Jingle Jangle (2020)


I’m going to start off by saying that I generally do not like musicals, steampunk, and frantic dance choreography, so Jingle Jangle: A Christmas Journey (2020) was not high up there on my list of things I was going to watch this holiday season. That was until I started seeing promo images of the actors in their costumes that my attention was sparked and I realized that I needed to suffer through the Christmassy jazz hands to find out more about the amazing designs done for this show.

While I do classify the film overall as steampunk and not historical, the story and setting (like steampunk in general) draws from historical themes and silhouettes. There’s also a definite reference point in the costume designs by Michael Wilkinson that draws directly from the work of British-Nigerian artist Yinka Shonibare. It’s this visual wink and a nod to Shonibare which is what initially caught my eye. As a student of historical costume and art history, Shonibare is a contemporary artist who is hard to miss. His works align Western historical fashion history with anonymized African bodies and explores the complexities of searching for an elusive “true African culture.” I’d bet money that many of you reading this have at least seen How to Blow Up Two Heads At Once (Ladies), whether or not you knew the artist by name.

Yinka Shonibare, CBE. How to Blow Up Two Heads at Once (Ladies), 2006.

Once you see Shonibare’s work, you can’t unsee it in the costume designs Wilkinson did for Jingle Jangle: A Christmas Journey:

I love the way the African-inspired fabric pulls together with the more traditional Victorian plaids to create a riot of color and visual vibration. I, for one, welcome all the costumes and cosplays inspired by this film that will almost certainly be showing up at The Great Dickens Christmas Fair in the coming years.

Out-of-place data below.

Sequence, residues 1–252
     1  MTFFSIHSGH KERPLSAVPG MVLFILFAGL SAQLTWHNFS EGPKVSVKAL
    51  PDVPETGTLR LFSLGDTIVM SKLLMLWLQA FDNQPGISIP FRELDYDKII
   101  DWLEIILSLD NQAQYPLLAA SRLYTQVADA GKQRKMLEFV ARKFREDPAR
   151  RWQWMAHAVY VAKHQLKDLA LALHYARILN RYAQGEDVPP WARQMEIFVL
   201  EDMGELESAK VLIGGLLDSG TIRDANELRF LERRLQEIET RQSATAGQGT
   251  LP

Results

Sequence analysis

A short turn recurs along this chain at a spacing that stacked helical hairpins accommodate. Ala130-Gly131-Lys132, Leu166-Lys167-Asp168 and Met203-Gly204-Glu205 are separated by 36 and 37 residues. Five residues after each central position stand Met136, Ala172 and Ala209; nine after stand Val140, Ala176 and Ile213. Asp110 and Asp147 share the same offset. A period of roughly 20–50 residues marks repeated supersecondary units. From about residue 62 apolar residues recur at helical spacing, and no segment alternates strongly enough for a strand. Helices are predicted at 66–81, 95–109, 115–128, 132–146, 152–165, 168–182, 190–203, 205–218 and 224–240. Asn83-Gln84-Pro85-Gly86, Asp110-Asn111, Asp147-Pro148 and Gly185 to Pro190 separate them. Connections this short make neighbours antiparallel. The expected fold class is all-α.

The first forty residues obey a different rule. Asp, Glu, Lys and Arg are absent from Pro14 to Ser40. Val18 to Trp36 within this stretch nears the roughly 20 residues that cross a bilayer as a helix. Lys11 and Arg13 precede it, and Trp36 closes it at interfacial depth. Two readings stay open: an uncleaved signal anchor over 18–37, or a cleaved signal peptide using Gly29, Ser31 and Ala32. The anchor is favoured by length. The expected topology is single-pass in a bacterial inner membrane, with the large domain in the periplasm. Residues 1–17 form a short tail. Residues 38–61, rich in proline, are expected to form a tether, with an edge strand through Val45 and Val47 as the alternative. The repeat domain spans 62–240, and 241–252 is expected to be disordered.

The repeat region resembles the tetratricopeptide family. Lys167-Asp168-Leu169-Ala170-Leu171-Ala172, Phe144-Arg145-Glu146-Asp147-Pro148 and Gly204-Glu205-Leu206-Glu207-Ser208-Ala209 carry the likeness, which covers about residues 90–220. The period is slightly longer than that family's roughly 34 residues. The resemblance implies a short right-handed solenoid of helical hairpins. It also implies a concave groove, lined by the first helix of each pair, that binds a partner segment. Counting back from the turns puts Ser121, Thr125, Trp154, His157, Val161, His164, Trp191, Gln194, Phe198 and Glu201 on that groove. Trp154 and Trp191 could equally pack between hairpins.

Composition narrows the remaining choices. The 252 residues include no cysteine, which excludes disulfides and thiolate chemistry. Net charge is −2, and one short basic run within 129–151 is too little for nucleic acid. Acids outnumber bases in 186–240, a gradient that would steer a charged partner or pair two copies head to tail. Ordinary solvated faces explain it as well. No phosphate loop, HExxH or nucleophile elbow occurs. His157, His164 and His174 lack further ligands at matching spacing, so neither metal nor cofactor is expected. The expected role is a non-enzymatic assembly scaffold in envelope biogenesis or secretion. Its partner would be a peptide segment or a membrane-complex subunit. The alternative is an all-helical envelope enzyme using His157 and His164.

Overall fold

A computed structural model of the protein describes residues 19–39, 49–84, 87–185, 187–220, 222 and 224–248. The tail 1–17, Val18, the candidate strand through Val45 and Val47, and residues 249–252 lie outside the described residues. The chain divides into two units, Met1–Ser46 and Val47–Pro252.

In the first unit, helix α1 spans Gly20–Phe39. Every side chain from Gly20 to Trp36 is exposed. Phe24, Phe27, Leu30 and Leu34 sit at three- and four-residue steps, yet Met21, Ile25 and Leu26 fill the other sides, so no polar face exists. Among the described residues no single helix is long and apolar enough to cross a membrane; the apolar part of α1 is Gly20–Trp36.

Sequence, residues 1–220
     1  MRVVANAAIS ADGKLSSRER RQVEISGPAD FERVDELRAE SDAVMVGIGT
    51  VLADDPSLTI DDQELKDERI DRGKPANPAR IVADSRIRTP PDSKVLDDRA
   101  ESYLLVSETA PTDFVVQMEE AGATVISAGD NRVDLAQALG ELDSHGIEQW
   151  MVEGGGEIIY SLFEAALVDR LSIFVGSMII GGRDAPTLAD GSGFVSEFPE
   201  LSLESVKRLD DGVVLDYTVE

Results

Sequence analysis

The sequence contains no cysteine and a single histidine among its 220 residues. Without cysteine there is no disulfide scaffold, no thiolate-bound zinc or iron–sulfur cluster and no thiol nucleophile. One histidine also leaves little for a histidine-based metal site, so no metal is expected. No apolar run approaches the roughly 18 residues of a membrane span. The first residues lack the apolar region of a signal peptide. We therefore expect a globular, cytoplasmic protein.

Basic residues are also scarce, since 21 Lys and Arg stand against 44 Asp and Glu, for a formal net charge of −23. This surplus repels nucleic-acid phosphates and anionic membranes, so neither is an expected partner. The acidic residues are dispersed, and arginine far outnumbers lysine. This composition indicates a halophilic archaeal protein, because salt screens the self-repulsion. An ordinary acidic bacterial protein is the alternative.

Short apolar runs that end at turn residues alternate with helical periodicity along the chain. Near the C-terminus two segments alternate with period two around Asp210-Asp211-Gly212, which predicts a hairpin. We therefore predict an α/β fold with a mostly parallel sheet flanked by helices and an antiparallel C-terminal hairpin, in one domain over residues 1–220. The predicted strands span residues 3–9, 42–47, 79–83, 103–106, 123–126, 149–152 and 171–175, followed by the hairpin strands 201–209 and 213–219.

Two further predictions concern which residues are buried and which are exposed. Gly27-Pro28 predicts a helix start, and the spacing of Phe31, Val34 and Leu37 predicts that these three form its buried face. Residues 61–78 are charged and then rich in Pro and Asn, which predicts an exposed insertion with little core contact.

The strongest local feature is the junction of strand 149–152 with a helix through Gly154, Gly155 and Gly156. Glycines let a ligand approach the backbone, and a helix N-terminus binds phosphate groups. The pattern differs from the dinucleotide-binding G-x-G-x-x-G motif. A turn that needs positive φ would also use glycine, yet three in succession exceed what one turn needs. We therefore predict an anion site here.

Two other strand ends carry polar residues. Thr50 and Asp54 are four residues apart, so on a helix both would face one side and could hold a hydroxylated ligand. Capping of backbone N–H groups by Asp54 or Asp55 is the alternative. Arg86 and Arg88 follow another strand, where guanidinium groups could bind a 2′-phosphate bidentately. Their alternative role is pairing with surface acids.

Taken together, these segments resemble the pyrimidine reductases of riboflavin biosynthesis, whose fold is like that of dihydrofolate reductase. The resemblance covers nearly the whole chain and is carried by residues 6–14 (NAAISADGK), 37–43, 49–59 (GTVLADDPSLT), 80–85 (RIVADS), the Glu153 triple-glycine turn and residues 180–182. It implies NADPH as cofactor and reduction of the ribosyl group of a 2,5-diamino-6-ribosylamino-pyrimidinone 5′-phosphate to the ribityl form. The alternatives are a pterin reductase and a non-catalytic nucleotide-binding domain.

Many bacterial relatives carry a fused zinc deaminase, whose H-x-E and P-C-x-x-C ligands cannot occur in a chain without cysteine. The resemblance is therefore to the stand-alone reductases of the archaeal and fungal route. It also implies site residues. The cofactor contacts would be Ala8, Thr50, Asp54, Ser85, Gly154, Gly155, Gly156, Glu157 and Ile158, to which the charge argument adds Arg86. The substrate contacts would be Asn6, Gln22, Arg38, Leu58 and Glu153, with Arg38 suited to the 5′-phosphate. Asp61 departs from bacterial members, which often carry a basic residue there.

This makes a certain amount of sense, considering Wilkinson admits that he was drawing from West African textile traditions with their bright motifs and attention-grabbing color combinations. He doesn’t outright name Shonibare as an influence, but I think it’s pretty clear there is that exact intersection between African identity and culture and European fashion history in Shonibare’s work that Wilkinson pays homage to in his designs for Jingle Jangle:

“When deciding on the fabrics used, [Wilkinson] was particularly drawn to the textiles of West Africa for their bold colors and patterns. And for research, he explored paintings, historical documents, prints and photographs from the period. Working with Talbert, he wanted to bring the 19th century to life.” Costume Designer Michael Wilkinson Shares ‘Afro-Victorian’ Vision of ‘Jingle Jangle: A Christmas Journey’WWD.

The movie starts off with a mid-19th-century silhouette, circa the 1860s, but the setting (a magical toy shop) and the costumes (in bright colors and bold motifs that reject any hint of stuffy Victoriana), quickly makes it evident that this is not your great-great grandmother’s Victorian utopia. This is something else entirely.

Justin Cornwell plays the young and successful version of the film’s protagonist. He’s an incredibly successful toymaker who specializes in wondrous mechanicals.


Remember kids, always wear eye protection when attempting to animate a sentient toy voiced by Ricky Martin.

After the first song-and-dance routine and some brief establishing narration explaining that Jeronicus Jangle’s toy empire crumbled to dust after his assistant stole the notebook that stored all the magical equations for his toys, the film fast forwards about 30 years. Jeronicus’ daughter Jessica is now grown up with a daughter of her own, Journey, who is a precocious child genius with an aptitude for the kind of magical equations that her grandfather used to create his toys. Newcomer Madalen Mills plays Journey with all the confidence of a seasoned Broadway star, and she is tasked with carrying a lot of the burden of the laborious plot as it is periodically interrupted by musical numbers and frenetic dancing, a feat which most 10-year-olds probably couldn’t pull off as effortlessly as she seems to, so props to her.

Jessica sends her daughter off to meet her grandfather for the first time.